Thursday, July 30, 2009

Collaborations making work smarter, not harder

Volunteers have become ever more important as struggling nonprofits in a troubled economy experience mounting pressure to provide resources and services. Despite the trying economic times and the first decline in charitable giving in 20 years, the Volunteering in America report finds that rates of volunteerism continue to hold steady from 2007 rates.

As a Co-Chair of the Steering Committee of the Nonprofit Network in Dakota County (NNDC), I'm excited to share that our network is facing the challenge of diminished resources despite greater need by banding together to work smarter, not harder. A project of the Minnesota Council of Nonprofits, the network formally known as the "Dakota County Social Leaders Action Network," has transcended its initial goals of engaging nonprofit board members to become a coalition of collaborative local organizations.

The Nonprofit Network in Dakota County has promoted partnerships amongst our member nonprofits since the beginning. In 2007, on National Make a Difference Day, three nonprofit groups co-hosted the first-ever "Birthday Bag Blitz" to assemble Cheerful Givers birthday gift bags for less fortunate children. In doing so, mentors and mentees from Kids 'n Kinship were able to share a common volunteer experience as well as hear from Smoke-Free Dakota about the new statewide smoke-free workplace law.

Other Nonprofit Network groups joined together to host a series of 5 Emergency Preparedness workshops in Spring 2007. Individual nonprofits walked away with individual emergency plans as well as the opportunity to discuss with other community institutions how to coordinate their distinct roles in times of crisis.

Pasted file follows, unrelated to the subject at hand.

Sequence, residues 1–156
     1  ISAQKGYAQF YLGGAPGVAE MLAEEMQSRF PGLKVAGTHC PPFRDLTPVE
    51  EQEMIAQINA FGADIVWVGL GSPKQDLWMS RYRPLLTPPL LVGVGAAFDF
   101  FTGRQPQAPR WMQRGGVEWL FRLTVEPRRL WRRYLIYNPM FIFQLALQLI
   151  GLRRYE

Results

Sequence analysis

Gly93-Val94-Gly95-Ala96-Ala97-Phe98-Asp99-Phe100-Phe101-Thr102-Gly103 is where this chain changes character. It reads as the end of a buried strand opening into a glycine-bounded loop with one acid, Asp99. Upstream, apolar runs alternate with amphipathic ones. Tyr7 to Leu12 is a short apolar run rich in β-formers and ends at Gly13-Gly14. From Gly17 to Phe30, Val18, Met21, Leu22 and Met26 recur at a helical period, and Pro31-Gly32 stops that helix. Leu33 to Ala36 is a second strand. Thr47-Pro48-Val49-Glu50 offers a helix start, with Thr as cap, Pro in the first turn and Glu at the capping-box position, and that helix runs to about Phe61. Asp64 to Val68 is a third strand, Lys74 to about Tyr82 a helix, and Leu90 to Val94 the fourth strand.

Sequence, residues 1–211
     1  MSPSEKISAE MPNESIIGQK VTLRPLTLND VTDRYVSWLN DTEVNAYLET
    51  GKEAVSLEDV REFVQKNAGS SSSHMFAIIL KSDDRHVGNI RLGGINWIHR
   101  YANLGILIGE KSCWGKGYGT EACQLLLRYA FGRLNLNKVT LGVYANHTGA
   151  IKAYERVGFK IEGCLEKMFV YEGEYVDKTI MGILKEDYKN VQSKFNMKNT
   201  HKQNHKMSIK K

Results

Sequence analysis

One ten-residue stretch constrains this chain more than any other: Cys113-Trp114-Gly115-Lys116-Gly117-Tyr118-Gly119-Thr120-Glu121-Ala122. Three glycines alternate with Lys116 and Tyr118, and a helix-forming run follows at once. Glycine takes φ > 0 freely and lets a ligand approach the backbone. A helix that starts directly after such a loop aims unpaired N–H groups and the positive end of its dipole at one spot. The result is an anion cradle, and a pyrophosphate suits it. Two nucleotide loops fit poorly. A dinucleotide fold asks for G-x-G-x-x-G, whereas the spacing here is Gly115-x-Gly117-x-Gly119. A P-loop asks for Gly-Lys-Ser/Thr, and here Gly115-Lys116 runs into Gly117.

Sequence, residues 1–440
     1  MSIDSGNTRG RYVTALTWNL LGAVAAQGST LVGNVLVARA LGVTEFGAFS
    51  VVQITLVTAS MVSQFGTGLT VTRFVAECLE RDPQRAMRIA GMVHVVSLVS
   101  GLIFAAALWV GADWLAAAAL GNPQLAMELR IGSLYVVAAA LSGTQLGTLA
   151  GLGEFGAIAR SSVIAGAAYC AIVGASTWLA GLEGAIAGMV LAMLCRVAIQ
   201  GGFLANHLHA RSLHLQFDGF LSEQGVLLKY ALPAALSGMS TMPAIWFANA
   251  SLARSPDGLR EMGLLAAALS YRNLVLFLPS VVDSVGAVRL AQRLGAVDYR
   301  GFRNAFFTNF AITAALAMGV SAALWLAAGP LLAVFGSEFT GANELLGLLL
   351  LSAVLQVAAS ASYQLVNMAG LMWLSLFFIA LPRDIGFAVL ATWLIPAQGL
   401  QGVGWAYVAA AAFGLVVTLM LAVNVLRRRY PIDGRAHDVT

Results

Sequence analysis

In August 2008, the Nonprofit Network recognized and thanked the county’s many volunteers at the first “Honoring Volunteers Day” at the Dakota County Fair in Farmington. Rather than require individual organizations to pay booth fees and staff their tables for 12 hours a day for a full week, Honoring Volunteers Day allows for nonprofits to recognize their volunteers and recruit new supporters in one afternoon! This year's Honoring Volunteers Day is slated for Sunday, August 16, 2009 from 1:00PM-4:00PM at the Dakota County Fair. Stop by to learn about nonprofits across the county, participate in speed-volunteering opportunities, and be recognized for your own volunteering efforts in our community!

Wednesday, July 29, 2009

Social media for social good, with a side of bacon

This Friday marks Social Media Breakfast - Minneapolis/St. Paul #17. Social Media Breakfast, with local chapters across the nation, is a networking and learning opportunity for local social media users to talk about using social media and social networking tools in their business or careers. The July 2009 #SMBMSP topic is, "Nonprofits & Social Media," and I will be speaking on a panel with several other folks who work in Minnesota's nonprofit sector. Our conversation will run the gamut on a wide variety of issues stemming from our use of social media for organizational outreach, fundraising, and communications.

Unfortunately, SMBMSP 17 sold out within an hour after it was announced (there are a lot of do-gooders in the Twin Cities, as my last post evinces). Those who can't join us in person can follow our video stream: http://www.livestream.com/smbmsp on Friday morning from 8:00AM-10:00AM. You can also check out our panelists' podcast, recorded late last week, to provide a brief glimpse into our upcoming conversation. Hope to see you there or get your feedback here!